NOW THAT I have conquered bagels, I decided it was time to try making another delicious breakfast treat: doughnuts.
Unfortunately, things didn’t go as expected, but I’ll get to that.
To begin this tasty culinary exercise, I searched online for “best homemade doughnut recipe” and quickly came across a hit for “Homemade Glazed Doughnuts” by The Pioneer Woman, originally posted Feb. 8, 2010, at tinyurl.com/PDN-Doughnuts.
The recipe includes far more steps than I anticipated, but after reading through it, it seemed fairly simple.
I began making my doughnuts at about 6 a.m. before work one day. And after getting through the first stage, I take issue with the recipe’s claim that it requires just 25 minutes of prep time.
It took a little longer than an hour for me to get through all of the Stage 1 steps.
Of course, that includes two 10-minute rest periods for the dough. I used those rest periods to clean up the mess I had made so far and to rinse the used dishes.
Having recently made bagels (see my May column online at tinyurl.com/PDN-My-Bagels), I can assure you that making dough for doughnuts is much easier and more fun.
My used but still usable stand mixer was able to handle the entire process of mixing the wet ingredients with the dry. Also, watching the dough hook go round and round while slowly adding the dry ingredients became quiet hypnotic. It was almost like meditating.
After completing Stage 1, I put the dough in the fridge and left for work.
Mistakes were made
Halfway through the day, I realized I’d made an error.
The recipe calls for one and one-quarter stick butter. My half-asleep, non-functioning brain interpreted that to mean “one stick and one-quarter cup of butter.”
Oops. But the final product doesn’t taste like butter so all’s well that ends well, right?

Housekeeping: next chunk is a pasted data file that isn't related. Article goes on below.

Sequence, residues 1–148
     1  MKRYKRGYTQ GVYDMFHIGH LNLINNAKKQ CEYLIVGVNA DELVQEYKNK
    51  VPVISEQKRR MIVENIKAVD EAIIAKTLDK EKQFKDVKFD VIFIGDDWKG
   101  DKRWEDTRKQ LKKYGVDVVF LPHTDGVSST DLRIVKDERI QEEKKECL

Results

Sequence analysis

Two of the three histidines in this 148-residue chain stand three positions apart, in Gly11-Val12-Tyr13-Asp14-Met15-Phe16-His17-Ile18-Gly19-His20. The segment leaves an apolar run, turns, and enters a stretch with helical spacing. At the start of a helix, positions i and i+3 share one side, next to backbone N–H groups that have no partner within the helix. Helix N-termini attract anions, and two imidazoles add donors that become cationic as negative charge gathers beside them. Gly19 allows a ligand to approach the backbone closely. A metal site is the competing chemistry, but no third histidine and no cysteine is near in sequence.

Except, that it didn’t all go well.
When I got home that evening, I rolled out that dough and went to cut it when I realized that I didn’t have the right size cutters. I had a 3-inch cutter, but not a 1½-inch cutter.
Making the best of it, I used the 3-inch cutter for the overall doughnut shape and then poked a hole in the center of each round and stretched it out.
After allowing the dough to rest for an hour and 15 minutes, as recommended, I realized it hadn’t risen at all. I think my house is too cold or something to allow dough to rise properly.
This wasn’t an issue when I made bagels so I didn’t know what to do.
Misadventures in oil
I decided to move forward and to heat the vegetable shortening until it had melted into oil.
I recently bought a liquid digital thermometer to assist with monitoring the oil temperature.
On its first time out, the thermometer slipped through my fingers, directly into the now nearly 400-degree oil which I was trying to cool back down to 375 degrees.
Rest in peace, digital thermometer, I hardly knew ye.
With the oil now compromised and the thermometer warped and unusable, I turned to the internet for advice and discovered the doughnuts could be baked.
At 350 degrees, I baked the doughnuts for five minutes, rotated the tray and baked another five minutes.
As I prepared to make the glaze, I discovered one more sleep-deprived error I had made that morning: I used kosher salt in the dough instead of regular salt.
I’m not sure what affect that might have had on the dough, but I’m sure it didn’t help.
The final result of baking the underproven dough turned out to be more like glazed shortbread-ish cookies.
They taste fine but they are definitely not doughnuts.
I’ve always believed that nothing is a failure unless nothing was learned from the experience.
Thinking back, I learned the following things:
1. Don’t mix ingredients before my brain is fully functioning.
2. Find a warmer location to allow dough to properly rise.
3. Keep moving forward.
4. Make the best of an unexpected situation.
Emily Hanson is a copy editor/paginator for the Peninsula Daily News. She is also a beginning baker and clumsy cook. She can be reached at 360-452-2345 ext. 560-50 or [email protected] dailynews.com.